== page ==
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John Holmes MAKIN

economist

John Holmes MAKIN, economist in the field of Domestic Monetary and Fiscal Theory and Institutions; Balance of Payments; International Finance; Business Finance and Investment. Federal Reserve Bank Chicago Fellow, 1968-1969; Advisory Board, Center Study Banking and Finance Markets, University Washington, since 1983.

Background

MAKIN, John Holmes was born in 1943 in Brattleboro, Vermont, United States of America.

Education

Bachelor of Arts Trinity College, Hartford, Connecticut, 1965. MAM, Doctor of Philosophy University Chicago, 1969, 1970.

Career

Instructor, Assistant Professor, Association Professor of Economics, University Wisconsin-Milwaukee, 1969-1970, 1970-1971, 1972-1976. Visiting Association Prof Economics, University Virginia, 1973, University British Columbia, 1975-1976. Association Professor of Economics, University Washington, 1976-1978.

Senior International Economics, United States Department Treasury, 1971-1972. Visiting Scholar, Federal Reserve Bank San Francisco, 1977. Consultant, United States Department Treasury, 1972-1980, International Monetary Fund, 1981, 1982-1983.

Professor of Economics, Director Institute, Institution Economics Research, University Washington, Seattle, Washington, United States of America, since 1978, since 1983. Research Assistant, National Bureau of Economie Research, New York, New York, United States of America, since 1980. Editorial Board, J Economics and Business, 1979-1982.

Achievements

  • Federal Reserve Bank Chicago Fellow, 1968-1969. Advisory Board, Center Study Banking and Finance Markets, University Washington, since 1983.

Works

Views

Early work concentrated on functioning of the failing Bretton Woods international monetary system. Major contributions included: estimation of asset demand equations for central banks showing sensitivity to expected returns on dollars and gold in reserve holding decisions by central banks. Implications of central bank switching between holdings of dollars and gold for the viability of the dollar-exchange standard.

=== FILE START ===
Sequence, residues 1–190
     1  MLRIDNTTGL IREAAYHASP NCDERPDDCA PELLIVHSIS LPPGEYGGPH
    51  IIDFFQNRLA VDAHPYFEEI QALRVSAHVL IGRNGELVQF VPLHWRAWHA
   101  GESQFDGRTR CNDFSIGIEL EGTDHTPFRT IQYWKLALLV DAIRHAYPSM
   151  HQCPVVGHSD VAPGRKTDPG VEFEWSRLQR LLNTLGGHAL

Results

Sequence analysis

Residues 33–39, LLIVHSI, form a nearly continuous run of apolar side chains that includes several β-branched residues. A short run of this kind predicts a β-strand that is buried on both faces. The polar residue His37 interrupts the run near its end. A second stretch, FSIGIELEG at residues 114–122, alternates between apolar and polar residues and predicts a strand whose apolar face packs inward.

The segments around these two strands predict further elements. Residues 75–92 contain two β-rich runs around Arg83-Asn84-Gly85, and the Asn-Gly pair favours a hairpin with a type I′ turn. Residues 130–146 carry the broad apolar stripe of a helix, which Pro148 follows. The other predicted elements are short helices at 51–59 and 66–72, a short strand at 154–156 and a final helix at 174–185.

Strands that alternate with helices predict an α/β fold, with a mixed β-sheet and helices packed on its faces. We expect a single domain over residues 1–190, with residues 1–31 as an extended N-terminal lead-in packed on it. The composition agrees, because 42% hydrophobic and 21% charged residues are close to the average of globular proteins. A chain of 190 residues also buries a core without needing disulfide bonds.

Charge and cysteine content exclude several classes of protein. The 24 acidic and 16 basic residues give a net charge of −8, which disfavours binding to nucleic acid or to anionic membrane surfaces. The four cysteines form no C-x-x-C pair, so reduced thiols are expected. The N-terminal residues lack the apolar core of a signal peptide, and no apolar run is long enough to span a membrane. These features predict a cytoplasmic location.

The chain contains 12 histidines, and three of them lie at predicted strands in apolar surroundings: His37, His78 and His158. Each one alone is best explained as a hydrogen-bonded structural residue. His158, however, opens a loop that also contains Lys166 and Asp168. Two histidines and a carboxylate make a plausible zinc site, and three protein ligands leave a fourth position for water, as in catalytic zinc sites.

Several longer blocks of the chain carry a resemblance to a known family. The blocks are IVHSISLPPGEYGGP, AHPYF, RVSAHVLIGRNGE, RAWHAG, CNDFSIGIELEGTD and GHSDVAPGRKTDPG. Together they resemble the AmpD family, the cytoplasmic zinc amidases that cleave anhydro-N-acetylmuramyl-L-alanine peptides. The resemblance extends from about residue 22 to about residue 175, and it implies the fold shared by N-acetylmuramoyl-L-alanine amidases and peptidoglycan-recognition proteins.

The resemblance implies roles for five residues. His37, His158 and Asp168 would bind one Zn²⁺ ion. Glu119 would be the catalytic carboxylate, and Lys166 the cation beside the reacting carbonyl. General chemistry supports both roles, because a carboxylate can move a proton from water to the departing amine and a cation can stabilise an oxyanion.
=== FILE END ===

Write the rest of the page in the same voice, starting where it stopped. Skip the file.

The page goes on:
And analysis of the ability of Special Drawing Rights to coexist with other reserve assets that accurately predicted their lack of widespread acceptance in subsequent years. A series of empirical articles on the Eurodollar market helped to dispel the ‘mystery’ surrounding that new phenomenon by showing that the Eurodollar system operated much like a fractional reserve system of financial intermediaries already familiar to students of money and banking. This body of work led to investigation of the effect of increased exchange rate flexibility on demand for reserves by central banks. Further investigation of the effects of exchange-rate flexibility on real trade volume suggested that no systematic link existed. In a series of articles applying standard portfolio theory to the management of foreign-exchange risk, it was shown that financial managers can deal with such risk by altering payables and receivables in different currencies to achieve an optimal set of long and short positions in various major currencies.

Viewed in this way the forward market is only a residual means to adjust exposure, not the only means, as suggested by some analysts. A series of articles, begun with Maurice Levi and completed on my own, investigated behaviour of real and nominal interest rates employing reduced-form equations derived from an articulated structure of both closed and open economies. The procedure shows that the popular Fisher equation really should be viewed as a reducedform equation, and this paved the way for interpreting results of estimated equations for interest rates in a way that explains why — despite taxes on interest earnings — most estimated coefficients attached to expected inflation lie below unity.